Originally Published: April 15, 2010 9:57 p.m.
PRESCOTT - With a more attractive, comfortable and functional Elks Opera House apparently will come higher costs for users.
Even as Prescott City Council members heard accolades from a number of Elks supporters Tuesday about the expected benefits of the $1.7 million restoration that is under way, they also heard a proposal from city staff members to increase rent for those who use the theater for their events.
And according to some local event organizers, that could result in pricing some local events out of the market.
City Manager Steve Norwood introduced the proposed rate increases by acknowledging that some "sticker shock" might come with the re-opening of the Elks later this spring.
While the rates would vary depending on the individual needs of the event, Norwood has estimated the average increase at about 50 percent.
The rate increases are justified because of the increased quality of the theater, Norwood said, and are necessary to help the Elks close the gap in its previous lop-sided expenses/revenue scenario.
In a typical year before the restoration, Norwood said the Elks brought in about $60,000 to $70,000 in revenue, and had about $150,000 in expenses. After the opening, he said the city hopes the theater will bring in $175,000 to $200,000 per year, with expenses at about $200,000.
Although the Elks was a "decent theater" before the renovation that began in the summer of 2009, Norwood said, "Now we're in a whole different realm."
The 10 months of work will result in improvements that include not only a return of many of the original elegant and ornate touches in the 1905 theater, but also improvements to the sound system, structural and fire safety, handicap accessibility, and seating as well.
Plenty of people were on hand Tuesday to point out that the upgraded theater would be a boon to tourism in downtown Prescott.
"We view the grand re-opening of the Elks as the beginning of a new era for historic downtown Prescott," Barbara Bruce of the Ponderosa Hotel Management Group told the council.
Added local historian Melissa Ruffner: "It is so incredible to see how the old girl has come back to life."
But on the rate increases, the council also heard from Jenny King of the Prescott Regional Convention and Visitors Bureau, who urged the city to accommodate the needs of local nonprofit groups when setting the rates.
While Norwood said the city would "do what we can to make it accessible and affordable" on weeknights, he added, "When it comes to Friday, Saturday, and Sunday, there are no discounts."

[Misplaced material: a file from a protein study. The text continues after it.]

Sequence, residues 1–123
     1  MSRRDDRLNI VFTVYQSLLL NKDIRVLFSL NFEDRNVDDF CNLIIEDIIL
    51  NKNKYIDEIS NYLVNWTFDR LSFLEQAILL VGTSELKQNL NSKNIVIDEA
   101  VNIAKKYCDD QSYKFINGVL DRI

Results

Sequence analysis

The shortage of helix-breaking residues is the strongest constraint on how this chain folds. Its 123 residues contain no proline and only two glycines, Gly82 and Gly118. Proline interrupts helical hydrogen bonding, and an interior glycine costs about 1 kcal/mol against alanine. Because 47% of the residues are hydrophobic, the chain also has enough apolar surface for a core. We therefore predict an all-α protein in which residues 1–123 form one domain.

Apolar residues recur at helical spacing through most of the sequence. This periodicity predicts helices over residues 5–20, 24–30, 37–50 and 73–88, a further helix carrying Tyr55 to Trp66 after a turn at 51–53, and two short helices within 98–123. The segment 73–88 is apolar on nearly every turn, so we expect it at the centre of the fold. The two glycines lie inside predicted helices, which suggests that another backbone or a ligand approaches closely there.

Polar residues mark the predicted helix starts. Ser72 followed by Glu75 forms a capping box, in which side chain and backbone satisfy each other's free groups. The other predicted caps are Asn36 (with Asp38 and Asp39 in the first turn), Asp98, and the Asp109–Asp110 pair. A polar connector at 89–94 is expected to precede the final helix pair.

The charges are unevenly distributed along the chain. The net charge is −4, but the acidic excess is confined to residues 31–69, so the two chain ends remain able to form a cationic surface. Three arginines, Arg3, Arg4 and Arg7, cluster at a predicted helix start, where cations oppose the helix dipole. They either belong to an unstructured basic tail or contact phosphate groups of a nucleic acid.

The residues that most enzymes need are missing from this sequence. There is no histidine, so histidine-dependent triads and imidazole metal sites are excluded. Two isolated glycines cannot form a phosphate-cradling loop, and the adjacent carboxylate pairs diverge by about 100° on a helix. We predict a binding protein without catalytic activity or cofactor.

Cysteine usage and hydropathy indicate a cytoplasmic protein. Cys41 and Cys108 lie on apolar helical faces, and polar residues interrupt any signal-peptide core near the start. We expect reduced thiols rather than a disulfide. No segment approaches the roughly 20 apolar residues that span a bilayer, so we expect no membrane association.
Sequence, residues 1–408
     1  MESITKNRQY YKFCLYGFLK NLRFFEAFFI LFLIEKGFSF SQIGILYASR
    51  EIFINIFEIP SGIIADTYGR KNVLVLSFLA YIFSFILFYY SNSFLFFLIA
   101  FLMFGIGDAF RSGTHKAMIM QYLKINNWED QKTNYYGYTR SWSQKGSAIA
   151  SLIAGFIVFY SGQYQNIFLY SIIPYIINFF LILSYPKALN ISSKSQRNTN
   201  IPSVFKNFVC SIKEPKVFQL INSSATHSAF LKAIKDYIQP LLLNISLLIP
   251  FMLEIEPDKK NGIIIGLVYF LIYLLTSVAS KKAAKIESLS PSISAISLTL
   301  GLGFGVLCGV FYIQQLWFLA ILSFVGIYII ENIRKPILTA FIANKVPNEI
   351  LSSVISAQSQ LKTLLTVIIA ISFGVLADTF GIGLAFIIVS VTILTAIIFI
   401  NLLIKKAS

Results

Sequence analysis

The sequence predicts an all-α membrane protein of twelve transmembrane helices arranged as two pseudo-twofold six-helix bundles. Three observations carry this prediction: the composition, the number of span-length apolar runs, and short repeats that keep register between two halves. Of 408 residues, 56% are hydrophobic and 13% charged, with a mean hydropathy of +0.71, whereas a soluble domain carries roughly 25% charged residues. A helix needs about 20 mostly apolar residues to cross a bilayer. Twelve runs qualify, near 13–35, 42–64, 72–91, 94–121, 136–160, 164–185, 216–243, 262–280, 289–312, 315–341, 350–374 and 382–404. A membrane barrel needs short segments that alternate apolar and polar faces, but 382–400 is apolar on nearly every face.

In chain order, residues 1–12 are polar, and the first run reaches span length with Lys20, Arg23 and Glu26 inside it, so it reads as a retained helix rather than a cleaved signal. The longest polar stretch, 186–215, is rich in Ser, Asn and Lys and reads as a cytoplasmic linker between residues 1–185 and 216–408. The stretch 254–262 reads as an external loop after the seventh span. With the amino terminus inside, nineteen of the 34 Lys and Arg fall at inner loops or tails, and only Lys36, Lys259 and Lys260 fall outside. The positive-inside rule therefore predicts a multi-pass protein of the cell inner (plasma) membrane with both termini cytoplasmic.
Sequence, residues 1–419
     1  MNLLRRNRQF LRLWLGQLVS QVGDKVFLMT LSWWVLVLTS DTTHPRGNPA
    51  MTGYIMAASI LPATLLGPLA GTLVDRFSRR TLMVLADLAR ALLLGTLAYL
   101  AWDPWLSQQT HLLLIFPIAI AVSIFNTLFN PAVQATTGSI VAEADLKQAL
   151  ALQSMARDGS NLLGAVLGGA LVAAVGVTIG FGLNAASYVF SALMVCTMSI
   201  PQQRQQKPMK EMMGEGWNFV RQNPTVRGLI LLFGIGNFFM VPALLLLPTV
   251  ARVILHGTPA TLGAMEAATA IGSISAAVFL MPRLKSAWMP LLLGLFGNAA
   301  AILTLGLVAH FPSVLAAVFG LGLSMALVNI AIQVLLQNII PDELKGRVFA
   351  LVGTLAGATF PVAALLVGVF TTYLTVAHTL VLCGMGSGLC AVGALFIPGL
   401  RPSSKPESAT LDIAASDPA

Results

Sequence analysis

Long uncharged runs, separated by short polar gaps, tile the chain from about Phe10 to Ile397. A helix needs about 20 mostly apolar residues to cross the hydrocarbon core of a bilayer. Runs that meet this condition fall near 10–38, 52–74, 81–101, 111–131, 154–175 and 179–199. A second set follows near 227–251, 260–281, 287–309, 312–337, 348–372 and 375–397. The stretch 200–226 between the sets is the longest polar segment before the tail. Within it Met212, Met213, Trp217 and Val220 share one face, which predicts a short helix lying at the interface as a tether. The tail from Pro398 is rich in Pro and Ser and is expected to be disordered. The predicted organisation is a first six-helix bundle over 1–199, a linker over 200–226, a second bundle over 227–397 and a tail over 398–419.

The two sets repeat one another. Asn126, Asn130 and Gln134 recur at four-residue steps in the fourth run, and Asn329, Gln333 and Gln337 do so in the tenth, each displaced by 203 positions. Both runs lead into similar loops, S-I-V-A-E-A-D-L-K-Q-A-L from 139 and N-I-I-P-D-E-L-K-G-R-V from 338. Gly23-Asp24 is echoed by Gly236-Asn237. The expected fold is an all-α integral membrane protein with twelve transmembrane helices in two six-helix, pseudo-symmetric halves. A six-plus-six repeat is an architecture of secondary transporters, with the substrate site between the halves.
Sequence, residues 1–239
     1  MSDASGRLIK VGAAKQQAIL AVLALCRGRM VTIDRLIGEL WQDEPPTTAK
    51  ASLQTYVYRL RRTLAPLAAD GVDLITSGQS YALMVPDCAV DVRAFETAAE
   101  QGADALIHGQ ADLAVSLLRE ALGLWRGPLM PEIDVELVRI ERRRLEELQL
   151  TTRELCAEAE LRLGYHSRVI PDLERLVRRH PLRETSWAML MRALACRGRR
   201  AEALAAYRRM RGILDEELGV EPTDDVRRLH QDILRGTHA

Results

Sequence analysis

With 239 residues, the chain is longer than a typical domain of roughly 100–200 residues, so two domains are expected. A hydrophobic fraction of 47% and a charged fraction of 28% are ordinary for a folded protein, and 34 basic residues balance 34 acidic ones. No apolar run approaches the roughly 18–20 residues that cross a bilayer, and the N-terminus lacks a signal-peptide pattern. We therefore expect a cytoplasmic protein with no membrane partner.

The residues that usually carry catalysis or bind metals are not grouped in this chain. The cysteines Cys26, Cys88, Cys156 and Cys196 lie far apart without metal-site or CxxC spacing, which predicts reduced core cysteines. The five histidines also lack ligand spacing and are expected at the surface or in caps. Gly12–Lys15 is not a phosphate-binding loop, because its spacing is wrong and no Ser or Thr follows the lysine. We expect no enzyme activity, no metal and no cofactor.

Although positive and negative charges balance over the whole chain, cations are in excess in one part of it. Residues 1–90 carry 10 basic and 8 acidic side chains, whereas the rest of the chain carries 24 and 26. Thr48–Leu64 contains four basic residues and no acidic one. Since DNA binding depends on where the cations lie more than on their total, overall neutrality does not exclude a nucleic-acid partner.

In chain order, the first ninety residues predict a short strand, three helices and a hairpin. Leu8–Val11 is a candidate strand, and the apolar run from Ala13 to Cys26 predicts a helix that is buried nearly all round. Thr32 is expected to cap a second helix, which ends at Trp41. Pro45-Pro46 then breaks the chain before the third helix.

Afterward, King mentioned the Prescott Film Festival and Arizona Revue as examples of local events that might have a difficult time paying the greater Elks rates.
On Thursday, Bob Bell, president of the Arizona Revue, agreed that the musical program could struggle to generate enough revenue to pay the new higher Elks fees.
"We were kind of barely able to make it as it was," Bell said, noting that the city was considering raising the previous rental rate of $700 per day to about $1,000 per day.
Clyde Score, who has partnered with Bell on producing the Arizona Revue, expressed similar concerns.
"It was really tough the last couple of years to make a profit - not just because of the fee they charged," Score said, but also because of other costs such as 10 percent of door proceeds and dressing-room charges.
Noting that he has performed in the Elks since 1990, Score said, "The Elks is a beautiful theater. I just hope they don't price themselves out of business."
The city expects much of the restoration work at the theater to be complete by early May, and it is planning a gala grand opening on July 24.
As a part of Tuesday's presentation, Administrative Services Director Mic Fenech announced that the gala event would include performances by the Phoenix Opera and the Perpetuum Jazzile, an a cappella choir from Slovenia that performs jazz and popular music.
Fenech added that the theater also has booked a number of other events throughout September, October and November.
No council vote occurred during Tuesday's workshop, but council members expressed little opposition about the higher rates.
The massive renovation project has been a collaborative effort between the city, the Elks Opera House Foundation, and local donor, the Harold James Family Trust, which originally contributed $1 million to the foundation's fundraising efforts, and recently added another $250,000.